After two 95km ish days we made it to our warmshowers host, Hamilton, in Saskatoon. We were both exhausted, but it was so nice to arrive a day earlier than we expected and enjoy eating and sharing stories of adventure. Hamilton cooked us a delicious Israeli meal that he’d picked up on his travels, and we slept well indoors after a few nights in the tents. Saskatoon itself is a nice city, I bought a foldaway tyre to keep as a spare and we enjoyed a long lunch. We both gave the bikes a well needed clean before sharing another meal with Hamilton. Saskatoon has a strong Ukrainian heritage so Hamilton made us perogies, a boiled bread dough filled with Saskatoon berries… delicious!
We set off again feeling refreshed and motivated, this time with Edmonton in our sights…just a small 530km away. Leaving the city was pretty terrifying as there was no way to avoid really big, busy roads…but we made it and arriving on the long, open highway felt amazing. We even had a tailwind!! We just flew along and the cycle felt like no effort at all compared to the road leading towards Saskatoon. We were able to have conversation, and suprised ourselves again by doing 110km in 5 hours of cycling.
Sadly the headwind was back the following day and we had 35km to cycle from our camping spot before we get water and coffee. It was the first time we’d had to cycle so far and reminded us on the importance to carry extra water through slightly less populated areas. Coffee tasted amazing and we ended up hiding in Tim Horton’s for almost two hours before building up the motivation to cycle on. As the wind was strong, we decided to allow ourselves to have a short day and headed for a village another 35km away which google told us had a church. We’d met some cyclists along the way who told us they often camped in church gardens, and although we hadn’t done it so far, we decided it would be a good option for the night.
We arrived at the said church in the quiet village, and it had lots of grass perfect for pitching our tents. We knocked on the door and found it locked, when a voice across the road asked if we needed any help. When we explained to Marilyn that we were looking for somewhere to pitch our tents for the night, she first invited us to pitch them in her garden, then invited us to join her for dinner, and finally invited us to actually sleep inside. It was amazing how quickly she invited us in to her home, acting purely on kindness and we were blown away. We had a lovely evening with her, her husband and their friends, and slept soundly in a soft, comfy bed. We even had a shower!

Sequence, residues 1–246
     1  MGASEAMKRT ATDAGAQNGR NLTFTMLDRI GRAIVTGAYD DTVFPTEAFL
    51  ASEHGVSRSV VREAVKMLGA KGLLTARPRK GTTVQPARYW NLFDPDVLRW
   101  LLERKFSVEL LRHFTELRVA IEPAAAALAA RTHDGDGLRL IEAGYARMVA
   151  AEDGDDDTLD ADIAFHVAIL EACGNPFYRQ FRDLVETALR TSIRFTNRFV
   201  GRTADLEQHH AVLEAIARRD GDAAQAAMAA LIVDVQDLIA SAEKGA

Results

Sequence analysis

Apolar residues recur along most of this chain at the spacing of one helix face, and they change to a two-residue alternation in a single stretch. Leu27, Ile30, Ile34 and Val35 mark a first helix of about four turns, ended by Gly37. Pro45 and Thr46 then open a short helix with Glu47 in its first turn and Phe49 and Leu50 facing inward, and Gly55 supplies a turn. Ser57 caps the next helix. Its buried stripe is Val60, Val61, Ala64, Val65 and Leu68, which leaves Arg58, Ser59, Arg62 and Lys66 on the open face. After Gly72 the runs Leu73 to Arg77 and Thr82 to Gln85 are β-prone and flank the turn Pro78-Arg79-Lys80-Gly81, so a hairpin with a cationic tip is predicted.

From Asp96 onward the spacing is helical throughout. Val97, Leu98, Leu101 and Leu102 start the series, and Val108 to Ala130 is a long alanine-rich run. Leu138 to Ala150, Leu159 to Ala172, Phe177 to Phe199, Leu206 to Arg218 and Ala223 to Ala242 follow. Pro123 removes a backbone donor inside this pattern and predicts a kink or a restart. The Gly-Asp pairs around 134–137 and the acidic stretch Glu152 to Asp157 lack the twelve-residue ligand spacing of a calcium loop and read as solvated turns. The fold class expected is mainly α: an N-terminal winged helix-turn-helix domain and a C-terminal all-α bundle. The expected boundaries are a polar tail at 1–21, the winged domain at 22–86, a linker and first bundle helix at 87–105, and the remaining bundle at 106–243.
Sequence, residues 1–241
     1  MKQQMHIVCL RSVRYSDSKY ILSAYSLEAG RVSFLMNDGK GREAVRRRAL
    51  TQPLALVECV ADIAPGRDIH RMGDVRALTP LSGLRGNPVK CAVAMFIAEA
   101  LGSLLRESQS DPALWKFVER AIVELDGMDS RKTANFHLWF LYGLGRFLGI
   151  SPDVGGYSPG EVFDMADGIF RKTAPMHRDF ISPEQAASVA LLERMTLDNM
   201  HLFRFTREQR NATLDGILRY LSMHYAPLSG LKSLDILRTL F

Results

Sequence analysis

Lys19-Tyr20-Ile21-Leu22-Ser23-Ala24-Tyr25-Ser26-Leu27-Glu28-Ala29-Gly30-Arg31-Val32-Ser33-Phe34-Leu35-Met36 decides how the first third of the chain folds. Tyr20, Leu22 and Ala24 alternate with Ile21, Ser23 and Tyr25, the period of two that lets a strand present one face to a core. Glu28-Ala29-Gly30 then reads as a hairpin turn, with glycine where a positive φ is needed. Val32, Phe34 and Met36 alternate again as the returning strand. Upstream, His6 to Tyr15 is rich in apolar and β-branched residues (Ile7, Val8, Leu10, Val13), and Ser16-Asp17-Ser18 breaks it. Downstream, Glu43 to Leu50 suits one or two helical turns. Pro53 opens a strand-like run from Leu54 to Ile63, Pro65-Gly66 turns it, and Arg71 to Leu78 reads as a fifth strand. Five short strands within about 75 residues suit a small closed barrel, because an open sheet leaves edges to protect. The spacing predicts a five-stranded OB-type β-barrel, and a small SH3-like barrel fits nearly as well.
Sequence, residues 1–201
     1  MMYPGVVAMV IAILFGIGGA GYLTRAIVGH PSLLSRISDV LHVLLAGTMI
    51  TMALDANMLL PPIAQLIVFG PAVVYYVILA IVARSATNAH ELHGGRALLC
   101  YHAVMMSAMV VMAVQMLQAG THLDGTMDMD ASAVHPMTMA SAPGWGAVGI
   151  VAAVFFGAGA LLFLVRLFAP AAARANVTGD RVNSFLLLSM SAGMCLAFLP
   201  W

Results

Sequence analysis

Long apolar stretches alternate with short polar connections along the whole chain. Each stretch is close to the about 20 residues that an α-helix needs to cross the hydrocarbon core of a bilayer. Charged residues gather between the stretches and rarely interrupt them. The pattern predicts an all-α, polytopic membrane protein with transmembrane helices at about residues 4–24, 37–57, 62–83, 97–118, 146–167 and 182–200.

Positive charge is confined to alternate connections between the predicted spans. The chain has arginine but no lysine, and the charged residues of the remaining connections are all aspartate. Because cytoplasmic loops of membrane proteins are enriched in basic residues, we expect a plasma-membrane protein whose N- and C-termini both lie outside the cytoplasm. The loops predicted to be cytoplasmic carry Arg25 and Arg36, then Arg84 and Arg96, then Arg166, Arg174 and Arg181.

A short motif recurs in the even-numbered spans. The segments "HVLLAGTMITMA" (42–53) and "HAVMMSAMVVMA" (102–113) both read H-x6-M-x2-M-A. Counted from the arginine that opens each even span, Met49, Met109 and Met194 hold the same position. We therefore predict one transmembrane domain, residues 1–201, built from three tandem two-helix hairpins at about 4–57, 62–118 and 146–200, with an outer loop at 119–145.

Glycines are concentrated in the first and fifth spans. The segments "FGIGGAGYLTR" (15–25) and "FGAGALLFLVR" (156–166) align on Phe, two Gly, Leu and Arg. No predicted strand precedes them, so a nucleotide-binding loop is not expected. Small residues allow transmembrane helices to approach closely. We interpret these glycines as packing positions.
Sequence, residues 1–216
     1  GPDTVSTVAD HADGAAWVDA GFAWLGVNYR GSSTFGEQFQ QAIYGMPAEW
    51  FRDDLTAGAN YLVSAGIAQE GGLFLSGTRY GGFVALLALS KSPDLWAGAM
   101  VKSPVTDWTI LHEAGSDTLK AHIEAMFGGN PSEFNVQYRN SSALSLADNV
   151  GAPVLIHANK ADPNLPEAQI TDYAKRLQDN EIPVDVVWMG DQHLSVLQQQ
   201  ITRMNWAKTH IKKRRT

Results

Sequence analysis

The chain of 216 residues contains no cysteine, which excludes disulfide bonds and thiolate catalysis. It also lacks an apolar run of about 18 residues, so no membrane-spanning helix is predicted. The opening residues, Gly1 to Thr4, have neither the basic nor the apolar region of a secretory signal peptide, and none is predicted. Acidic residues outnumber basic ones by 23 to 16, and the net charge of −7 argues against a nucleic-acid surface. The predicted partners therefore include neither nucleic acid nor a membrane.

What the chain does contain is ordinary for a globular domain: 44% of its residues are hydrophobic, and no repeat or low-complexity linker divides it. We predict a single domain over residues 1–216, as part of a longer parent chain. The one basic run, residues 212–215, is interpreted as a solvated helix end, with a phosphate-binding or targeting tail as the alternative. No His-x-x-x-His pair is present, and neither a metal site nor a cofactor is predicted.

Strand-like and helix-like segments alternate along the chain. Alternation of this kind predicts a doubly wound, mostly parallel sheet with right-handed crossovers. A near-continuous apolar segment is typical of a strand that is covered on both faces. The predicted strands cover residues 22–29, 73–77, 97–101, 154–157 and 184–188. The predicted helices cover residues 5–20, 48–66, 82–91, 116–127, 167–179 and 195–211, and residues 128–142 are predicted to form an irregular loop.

We left the following day with warm hearts and even the wind wasn’t too bad to begin with. It soon picked up though and was blowing in our faces once again. We were aiming for Lloyminster, the border town between Saskatchewan and Alberta. At 100km away, Maidstone at 50km seemed like a good place to stop for lunch. Marilyn had sent us away with some fresh veges so I planned to eat that for lunch and Kirsty headed to the gas station to pick something up…but the universe at other ideas again.
A motorcyclist called us over asking where we were from, where we were going… the usual questions. He said he and his friend were biking to Alaska and had passed us on the highway. Impressed with what we were doing, he invited us to join them for lunch…his treat. As we sat down, Quan’s friend Greig was talking to a man at the next table who mentioned he’d seen us on the road the day before as well. He soon left for the road and we enjoyed a hilarious lunch with Quan and Greig hearing stories of their 30 year long friendship. After we’d eaten, the waitress came over to tell us that the man we’d spoken to as we sat down had paid for all our lunches before he left, simply with the message “pay it forward”. We were all blown away, and Kirsty and I cycled away slightly in disbelief at the last hour. Selfless random acts of kindness rarely happen, and I vowed (not for the first time) to pay back all this kindness and more as we travel on and after I get home.
We didn’t quite make it to Lloydminster, but camped 15km short…staying in Saskatchewan for our last night. Although the province for us had been mostly spend on the highway and we hadn’t got to really explore and experience it like we had done other provinces. It was still enjoyable and I’d found the endless fields, farmland and sunny skies really beautiful. We’d had a taste of what it would be like to stick to the trans-Canada highway for the whole journey, and although it’s not the type of cycling I would want to do for 4 months, it wasn’t totally awful and did allow us to average 90-100km a day and get ever closer to the Rocky Mountains. The prairies certainly weren’t as awful as so many people had warned.
Now, Alberta, let’s see what you have to say.